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A grave international problem

It is tempting sometimes to view North Korean strongman Kim Jong Un as the little dictator who cried missile. Unfortunately, he gets away with his saber rattling too often.

He did it again earlier this month, ordering his military to fire three short-range rockets off the country’s east coast. They flew as far as 125 miles toward Japan.

Presumably, the launching was Kim’s tantrum in reaction to widespread international criticism of an earlier military exercise. North Korean officials had threatened to take “momentous” action over the condemnations.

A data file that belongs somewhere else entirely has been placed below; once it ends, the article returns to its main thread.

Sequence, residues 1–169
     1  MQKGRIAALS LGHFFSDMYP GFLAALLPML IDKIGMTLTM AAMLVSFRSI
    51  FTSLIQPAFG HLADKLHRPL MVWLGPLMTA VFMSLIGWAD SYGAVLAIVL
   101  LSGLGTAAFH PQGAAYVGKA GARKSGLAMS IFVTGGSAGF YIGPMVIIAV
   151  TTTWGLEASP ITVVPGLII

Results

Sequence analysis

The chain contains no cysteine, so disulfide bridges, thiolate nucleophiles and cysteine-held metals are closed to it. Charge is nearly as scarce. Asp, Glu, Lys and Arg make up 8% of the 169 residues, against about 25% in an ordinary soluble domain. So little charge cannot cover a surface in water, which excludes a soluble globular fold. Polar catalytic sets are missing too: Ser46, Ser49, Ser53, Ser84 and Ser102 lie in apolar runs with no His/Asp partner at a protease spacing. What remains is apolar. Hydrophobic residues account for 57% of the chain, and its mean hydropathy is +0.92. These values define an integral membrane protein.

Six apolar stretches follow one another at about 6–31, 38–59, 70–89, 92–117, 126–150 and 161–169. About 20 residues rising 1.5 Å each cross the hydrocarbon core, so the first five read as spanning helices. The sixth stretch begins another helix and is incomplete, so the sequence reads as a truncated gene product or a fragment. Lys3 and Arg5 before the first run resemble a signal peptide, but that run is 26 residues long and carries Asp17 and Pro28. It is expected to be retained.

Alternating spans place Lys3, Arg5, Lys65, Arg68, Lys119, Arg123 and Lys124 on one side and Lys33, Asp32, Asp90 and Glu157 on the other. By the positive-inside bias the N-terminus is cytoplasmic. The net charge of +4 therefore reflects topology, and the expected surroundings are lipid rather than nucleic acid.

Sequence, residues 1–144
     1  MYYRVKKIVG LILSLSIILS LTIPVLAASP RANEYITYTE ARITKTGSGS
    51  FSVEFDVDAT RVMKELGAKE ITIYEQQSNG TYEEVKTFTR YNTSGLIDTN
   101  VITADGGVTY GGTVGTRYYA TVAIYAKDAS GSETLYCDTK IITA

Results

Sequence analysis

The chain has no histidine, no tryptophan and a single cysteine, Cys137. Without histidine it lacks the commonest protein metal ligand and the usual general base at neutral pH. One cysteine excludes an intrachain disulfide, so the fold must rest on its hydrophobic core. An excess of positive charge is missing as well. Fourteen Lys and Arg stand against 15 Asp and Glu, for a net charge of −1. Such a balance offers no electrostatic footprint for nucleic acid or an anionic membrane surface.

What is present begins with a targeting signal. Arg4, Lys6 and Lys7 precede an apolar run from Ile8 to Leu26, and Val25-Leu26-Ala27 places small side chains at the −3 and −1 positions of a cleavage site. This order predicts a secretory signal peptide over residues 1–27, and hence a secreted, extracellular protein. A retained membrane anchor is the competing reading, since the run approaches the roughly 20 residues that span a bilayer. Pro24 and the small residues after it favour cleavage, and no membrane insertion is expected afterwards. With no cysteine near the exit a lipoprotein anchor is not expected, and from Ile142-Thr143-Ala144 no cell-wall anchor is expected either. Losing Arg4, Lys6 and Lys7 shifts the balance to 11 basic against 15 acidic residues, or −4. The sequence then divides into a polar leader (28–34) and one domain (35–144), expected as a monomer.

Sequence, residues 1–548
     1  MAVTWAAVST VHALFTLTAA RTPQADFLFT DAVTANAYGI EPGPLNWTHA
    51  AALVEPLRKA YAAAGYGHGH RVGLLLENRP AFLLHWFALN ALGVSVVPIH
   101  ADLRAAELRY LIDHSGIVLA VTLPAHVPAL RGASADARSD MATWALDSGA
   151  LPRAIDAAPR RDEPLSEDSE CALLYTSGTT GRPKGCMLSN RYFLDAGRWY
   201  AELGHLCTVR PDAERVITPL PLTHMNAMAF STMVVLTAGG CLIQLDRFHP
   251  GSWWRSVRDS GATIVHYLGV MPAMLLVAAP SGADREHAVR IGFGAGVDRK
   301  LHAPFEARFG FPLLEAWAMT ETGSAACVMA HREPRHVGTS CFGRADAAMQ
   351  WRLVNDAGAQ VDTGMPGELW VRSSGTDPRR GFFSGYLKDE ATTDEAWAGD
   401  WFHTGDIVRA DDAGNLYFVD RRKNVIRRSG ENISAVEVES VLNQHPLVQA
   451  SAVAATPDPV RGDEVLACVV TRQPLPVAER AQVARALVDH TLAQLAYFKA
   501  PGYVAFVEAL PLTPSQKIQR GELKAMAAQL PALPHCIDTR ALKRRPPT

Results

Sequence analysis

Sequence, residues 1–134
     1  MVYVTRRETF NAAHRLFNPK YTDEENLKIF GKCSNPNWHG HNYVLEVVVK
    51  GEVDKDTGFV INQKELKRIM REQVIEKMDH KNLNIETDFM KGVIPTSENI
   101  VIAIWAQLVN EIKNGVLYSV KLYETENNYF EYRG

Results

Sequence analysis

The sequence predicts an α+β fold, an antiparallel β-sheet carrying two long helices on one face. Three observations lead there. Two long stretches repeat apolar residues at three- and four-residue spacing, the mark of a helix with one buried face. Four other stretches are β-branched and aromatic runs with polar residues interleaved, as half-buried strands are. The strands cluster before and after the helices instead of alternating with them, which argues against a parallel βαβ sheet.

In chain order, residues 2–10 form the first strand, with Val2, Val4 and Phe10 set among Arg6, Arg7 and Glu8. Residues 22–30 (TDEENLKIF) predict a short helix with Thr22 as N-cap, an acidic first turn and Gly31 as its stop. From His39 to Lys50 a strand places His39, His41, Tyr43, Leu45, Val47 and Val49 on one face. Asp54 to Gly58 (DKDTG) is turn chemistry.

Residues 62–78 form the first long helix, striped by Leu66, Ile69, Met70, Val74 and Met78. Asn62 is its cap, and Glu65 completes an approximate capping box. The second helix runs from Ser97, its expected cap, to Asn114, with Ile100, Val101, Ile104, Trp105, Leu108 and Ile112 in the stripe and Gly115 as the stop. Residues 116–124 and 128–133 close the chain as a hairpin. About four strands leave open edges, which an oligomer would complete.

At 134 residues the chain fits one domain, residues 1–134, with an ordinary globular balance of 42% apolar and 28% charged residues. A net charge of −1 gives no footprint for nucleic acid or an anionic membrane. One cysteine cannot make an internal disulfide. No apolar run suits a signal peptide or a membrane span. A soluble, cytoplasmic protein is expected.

Kim, like his father and grandfather before him, has become a skilled practitioner of brinkmanship — keeping the rest of the world worried that he will do something truly crazy, such as attacking his neighbor, South Korea. The climate of fear has expanded over the years. After the most recent missile launch, Japanese Chief Cabinet Secretary Yoshihide Suga commented that North Korea has become “a grave problem for the entire international community.”

That is just how Kim likes it.

His broken promises to ease back on weapons development — including both nuclear weapons and long-range rockets — were merely part of his strategy.

No thoughtful person wants war with North Korea. Even a limited conflict could include millions of deaths. But the Kim dynasty cannot be permitted to trade threats for help with an economy so geared to the military and the rulers’ comfort and security that the North Korean people suffer terribly.

At some point, a reckoning must come. U.S. officials and others in the world community must do all in their power to ensure that the Kim regime collapses from the inside.

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